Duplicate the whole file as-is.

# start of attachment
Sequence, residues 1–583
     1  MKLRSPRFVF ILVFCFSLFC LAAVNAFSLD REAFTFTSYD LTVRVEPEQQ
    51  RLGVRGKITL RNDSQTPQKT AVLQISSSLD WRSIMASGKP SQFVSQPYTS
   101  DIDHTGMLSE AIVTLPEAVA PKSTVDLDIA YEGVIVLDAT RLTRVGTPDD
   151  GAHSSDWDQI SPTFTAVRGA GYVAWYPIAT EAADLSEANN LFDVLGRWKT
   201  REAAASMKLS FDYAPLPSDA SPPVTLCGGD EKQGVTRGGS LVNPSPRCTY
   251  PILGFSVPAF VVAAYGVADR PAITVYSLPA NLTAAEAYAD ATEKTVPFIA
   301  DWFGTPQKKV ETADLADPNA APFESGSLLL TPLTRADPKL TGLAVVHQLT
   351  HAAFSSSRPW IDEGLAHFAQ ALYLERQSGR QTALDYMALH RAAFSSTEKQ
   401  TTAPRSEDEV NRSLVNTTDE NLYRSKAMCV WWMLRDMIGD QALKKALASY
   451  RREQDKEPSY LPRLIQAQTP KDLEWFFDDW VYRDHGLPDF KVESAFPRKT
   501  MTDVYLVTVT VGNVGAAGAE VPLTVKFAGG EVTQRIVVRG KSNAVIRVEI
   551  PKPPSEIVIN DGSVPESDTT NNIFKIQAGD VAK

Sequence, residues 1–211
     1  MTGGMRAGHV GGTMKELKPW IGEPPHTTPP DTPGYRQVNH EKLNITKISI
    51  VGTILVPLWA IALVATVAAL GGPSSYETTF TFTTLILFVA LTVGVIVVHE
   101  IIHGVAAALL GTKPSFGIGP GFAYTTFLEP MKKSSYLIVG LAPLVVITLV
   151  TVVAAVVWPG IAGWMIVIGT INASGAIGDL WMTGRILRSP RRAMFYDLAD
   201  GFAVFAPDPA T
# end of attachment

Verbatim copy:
Sequence, residues 1–583
     1  MKLRSPRFVF ILVFCFSLFC LAAVNAFSLD REAFTFTSYD LTVRVEPEQQ
    51  RLGVRGKITL RNDSQTPQKT AVLQISSSLD WRSIMASGKP SQFVSQPYTS
   101  DIDHTGMLSE AIVTLPEAVA PKSTVDLDIA YEGVIVLDAT RLTRVGTPDD
   151  GAHSSDWDQI SPTFTAVRGA GYVAWYPIAT EAADLSEANN LFDVLGRWKT
   201  REAAASMKLS FDYAPLPSDA SPPVTLCGGD EKQGVTRGGS LVNPSPRCTY
   251  PILGFSVPAF VVAAYGVADR PAITVYSLPA NLTAAEAYAD ATEKTVPFIA
   301  DWFGTPQKKV ETADLADPNA APFESGSLLL TPLTRADPKL TGLAVVHQLT
   351  HAAFSSSRPW IDEGLAHFAQ ALYLERQSGR QTALDYMALH RAAFSSTEKQ
   401  TTAPRSEDEV NRSLVNTTDE NLYRSKAMCV WWMLRDMIGD QALKKALASY
   451  RREQDKEPSY LPRLIQAQTP KDLEWFFDDW VYRDHGLPDF KVESAFPRKT
   501  MTDVYLVTVT VGNVGAAGAE VPLTVKFAGG EVTQRIVVRG KSNAVIRVEI
   551  PKPPSEIVIN DGSVPESDTT NNIFKIQAGD VAK

Sequence, residues 1–211
     1  MTGGMRAGHV GGTMKELKPW IGEPPHTTPP DTPGYRQVNH EKLNITKISI
    51  VGTILVPLWA IALVATVAAL GGPSSYETTF TFTTLILFVA LTVGVIVVHE
   101  IIHGVAAALL GTKPSFGIGP GFAYTTFLEP MKKSSYLIVG LAPLVVITLV
   151  TVVAAVVWPG IAGWMIVIGT INASGAIGDL WMTGRILRSP RRAMFYDLAD
   201  GFAVFAPDPA T